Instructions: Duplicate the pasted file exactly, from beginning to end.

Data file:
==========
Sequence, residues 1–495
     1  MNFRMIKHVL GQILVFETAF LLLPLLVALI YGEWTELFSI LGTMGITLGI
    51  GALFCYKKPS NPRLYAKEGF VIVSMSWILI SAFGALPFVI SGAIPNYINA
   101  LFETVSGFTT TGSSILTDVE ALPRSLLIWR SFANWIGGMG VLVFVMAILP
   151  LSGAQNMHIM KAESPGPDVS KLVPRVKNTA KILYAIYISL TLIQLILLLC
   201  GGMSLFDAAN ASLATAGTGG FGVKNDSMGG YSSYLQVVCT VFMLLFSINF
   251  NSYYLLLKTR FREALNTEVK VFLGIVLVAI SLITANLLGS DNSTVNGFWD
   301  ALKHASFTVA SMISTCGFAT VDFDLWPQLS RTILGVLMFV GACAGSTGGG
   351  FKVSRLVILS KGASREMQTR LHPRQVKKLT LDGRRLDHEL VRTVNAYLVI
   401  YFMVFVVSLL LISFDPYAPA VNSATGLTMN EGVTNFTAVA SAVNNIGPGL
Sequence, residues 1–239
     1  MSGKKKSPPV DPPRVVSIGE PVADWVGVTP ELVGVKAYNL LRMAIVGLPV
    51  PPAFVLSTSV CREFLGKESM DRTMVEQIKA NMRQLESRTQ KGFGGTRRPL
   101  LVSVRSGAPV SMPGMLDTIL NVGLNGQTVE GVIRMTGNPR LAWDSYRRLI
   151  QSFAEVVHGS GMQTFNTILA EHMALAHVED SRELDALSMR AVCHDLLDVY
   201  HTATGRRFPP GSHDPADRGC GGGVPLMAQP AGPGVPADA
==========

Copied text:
Sequence, residues 1–495
     1  MNFRMIKHVL GQILVFETAF LLLPLLVALI YGEWTELFSI LGTMGITLGI
    51  GALFCYKKPS NPRLYAKEGF VIVSMSWILI SAFGALPFVI SGAIPNYINA
   101  LFETVSGFTT TGSSILTDVE ALPRSLLIWR SFANWIGGMG VLVFVMAILP
   151  LSGAQNMHIM KAESPGPDVS KLVPRVKNTA KILYAIYISL TLIQLILLLC
   201  GGMSLFDAAN ASLATAGTGG FGVKNDSMGG YSSYLQVVCT VFMLLFSINF
   251  NSYYLLLKTR FREALNTEVK VFLGIVLVAI SLITANLLGS DNSTVNGFWD
   301  ALKHASFTVA SMISTCGFAT VDFDLWPQLS RTILGVLMFV GACAGSTGGG
   351  FKVSRLVILS KGASREMQTR LHPRQVKKLT LDGRRLDHEL VRTVNAYLVI
   401  YFMVFVVSLL LISFDPYAPA VNSATGLTMN EGVTNFTAVA SAVNNIGPGL
Sequence, residues 1–239
     1  MSGKKKSPPV DPPRVVSIGE PVADWVGVTP ELVGVKAYNL LRMAIVGLPV
    51  PPAFVLSTSV CREFLGKESM DRTMVEQIKA NMRQLESRTQ KGFGGTRRPL
   101  LVSVRSGAPV SMPGMLDTIL NVGLNGQTVE GVIRMTGNPR LAWDSYRRLI
   151  QSFAEVVHGS GMQTFNTILA EHMALAHVED SRELDALSMR AVCHDLLDVY
   201  HTATGRRFPP GSHDPADRGC GGGVPLMAQP AGPGVPADA